The private sector - households, charitable trusts and non-financial companies - has two fundamental difficulties: its assets are overvalued and its debt service burden is increasingly unaffordable. These inter-related tensions are most obvious in the commercial and residential property markets, but are not confined to them. At a conservative estimate, second-hand house prices recorded in private sales are still 10-15 per cent above comparable auction market valuations.
As long as this pretence of assets' true worth is maintained, large segments of the housing market will remain jammed. Estate agents may consider that they are performing a valuable service to home owners in sustaining the existing house price structure, yet their actions have contributed to the monstrous inefficiency of the market. The turnover of houses has slumped to its lowest level since 1974 and the stock of unsold houses in the hands of mortgage lenders still stands at over 68,000.
The overvaluation of industrial and commercial property is harder to prove, for the simple reason that so few trades are taking place. How much confidence can be placed in valuations when market turnover is virtually zero? Since property assets also appear in the balance sheets of small and large companies, the overvaluation problem has spread to banks, insurance companies, hotels and many other sectors. How many companies' balance sheets can still be said to be conservatively valued? Considerations of this kind have already impinged upon the valuation of the equity market, and hence the value of pension and insurance funds and other investments.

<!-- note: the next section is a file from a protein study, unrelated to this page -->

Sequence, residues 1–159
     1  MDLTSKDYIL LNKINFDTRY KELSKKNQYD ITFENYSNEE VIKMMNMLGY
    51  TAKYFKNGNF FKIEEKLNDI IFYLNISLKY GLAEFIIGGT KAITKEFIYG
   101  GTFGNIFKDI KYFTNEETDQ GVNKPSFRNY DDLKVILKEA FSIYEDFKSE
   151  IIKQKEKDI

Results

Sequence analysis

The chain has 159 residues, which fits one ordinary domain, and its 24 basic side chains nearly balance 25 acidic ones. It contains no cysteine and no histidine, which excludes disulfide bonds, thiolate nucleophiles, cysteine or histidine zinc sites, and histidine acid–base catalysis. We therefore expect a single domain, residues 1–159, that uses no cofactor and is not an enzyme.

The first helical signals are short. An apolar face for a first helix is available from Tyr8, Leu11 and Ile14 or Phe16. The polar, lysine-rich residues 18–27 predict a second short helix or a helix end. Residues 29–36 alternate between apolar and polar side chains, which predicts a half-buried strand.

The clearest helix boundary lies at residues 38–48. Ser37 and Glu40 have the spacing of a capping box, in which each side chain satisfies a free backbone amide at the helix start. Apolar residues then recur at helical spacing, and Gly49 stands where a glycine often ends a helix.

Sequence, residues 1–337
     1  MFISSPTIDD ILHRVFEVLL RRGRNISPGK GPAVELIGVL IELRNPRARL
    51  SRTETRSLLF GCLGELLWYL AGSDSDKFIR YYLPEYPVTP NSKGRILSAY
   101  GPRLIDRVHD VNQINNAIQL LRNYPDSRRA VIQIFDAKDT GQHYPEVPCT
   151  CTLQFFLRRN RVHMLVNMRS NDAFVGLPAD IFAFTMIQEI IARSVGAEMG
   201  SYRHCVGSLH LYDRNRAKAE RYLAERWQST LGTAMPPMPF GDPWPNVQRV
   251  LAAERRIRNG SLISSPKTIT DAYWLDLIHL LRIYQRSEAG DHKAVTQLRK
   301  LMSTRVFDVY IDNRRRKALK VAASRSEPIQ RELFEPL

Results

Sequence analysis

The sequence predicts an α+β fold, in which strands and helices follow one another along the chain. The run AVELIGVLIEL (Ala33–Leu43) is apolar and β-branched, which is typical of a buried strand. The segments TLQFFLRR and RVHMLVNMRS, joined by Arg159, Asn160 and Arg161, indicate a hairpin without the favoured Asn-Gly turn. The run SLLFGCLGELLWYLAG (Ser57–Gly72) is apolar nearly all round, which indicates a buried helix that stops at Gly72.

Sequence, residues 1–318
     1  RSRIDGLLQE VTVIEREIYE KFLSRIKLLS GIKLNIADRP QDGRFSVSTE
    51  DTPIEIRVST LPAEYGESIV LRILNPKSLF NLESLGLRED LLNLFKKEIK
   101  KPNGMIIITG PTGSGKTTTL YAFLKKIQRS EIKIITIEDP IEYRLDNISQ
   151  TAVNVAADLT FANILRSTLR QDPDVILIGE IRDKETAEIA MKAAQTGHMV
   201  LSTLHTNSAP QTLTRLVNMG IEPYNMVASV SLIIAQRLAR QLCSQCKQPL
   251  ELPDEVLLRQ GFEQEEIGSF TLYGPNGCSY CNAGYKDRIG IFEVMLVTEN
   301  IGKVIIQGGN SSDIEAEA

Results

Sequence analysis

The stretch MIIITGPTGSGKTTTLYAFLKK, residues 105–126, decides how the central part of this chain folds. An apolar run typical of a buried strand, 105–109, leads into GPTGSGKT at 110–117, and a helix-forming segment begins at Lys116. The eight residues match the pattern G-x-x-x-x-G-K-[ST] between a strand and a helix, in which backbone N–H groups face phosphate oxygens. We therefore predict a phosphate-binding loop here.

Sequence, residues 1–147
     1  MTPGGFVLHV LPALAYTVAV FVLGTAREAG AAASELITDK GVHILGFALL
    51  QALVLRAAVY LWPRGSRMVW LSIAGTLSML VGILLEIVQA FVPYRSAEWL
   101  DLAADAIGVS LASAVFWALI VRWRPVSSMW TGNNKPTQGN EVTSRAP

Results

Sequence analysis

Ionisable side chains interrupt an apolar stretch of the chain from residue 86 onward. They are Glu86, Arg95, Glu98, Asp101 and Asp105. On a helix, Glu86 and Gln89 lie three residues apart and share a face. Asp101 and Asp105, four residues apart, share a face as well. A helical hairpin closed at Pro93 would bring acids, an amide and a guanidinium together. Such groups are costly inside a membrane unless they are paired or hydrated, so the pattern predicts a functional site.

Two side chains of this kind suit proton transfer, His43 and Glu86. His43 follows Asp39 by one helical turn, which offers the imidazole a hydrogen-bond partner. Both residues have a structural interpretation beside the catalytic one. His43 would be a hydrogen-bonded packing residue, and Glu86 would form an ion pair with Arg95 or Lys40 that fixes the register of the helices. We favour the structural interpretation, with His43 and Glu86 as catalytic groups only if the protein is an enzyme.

The unwillingness of individuals and firms to accept realistic asset values is perpetuated as long as there is little or no pressure to raise cash. For the vast majority of households, this description remains valid; but for increasing numbers of businesses, asset sales offer the only hope of survival. Moreover, the liquidation of thousands of businesses each year has significantly increased the supply of second-hand business and office equipment. This undignified scramble for cash can only result in the further erosion of asset values.
To understand why the corporate sector is suffering so much more than the personal sector, it is necessary to examine their respective debt service burdens. The chart shows the respective net interest payments of the two sectors in relation to their non-interest income, after deduction of tax and social security contributions. Despite the drop in interest rates from 15 per cent to 10 per cent, the burden of debt service is only marginally less onerous today than at its peak. On consensus expectations of interest rates for the coming 18 months, progress in reducing the net interest cost will remain slow. The contrast with the recession of 10 years ago is particularly illuminating.
The explanation for these high net interest burdens lies primarily with the accumulation of net debt since 1985. Corporate net debt escalated from pounds 41bn to pounds 109bn in the following six years. The interest accrued on pounds 191bn of borrowing at an average cost of 1.5 per cent over base rates is about pounds 23bn per annum; the interest received on pounds 82bn deposited in the short-term money market is a mere pounds 8bn. An interest gap of pounds 15bn compares to annual non-interest income (after tax) of around pounds 80bn, giving a ratio of about 19 per cent.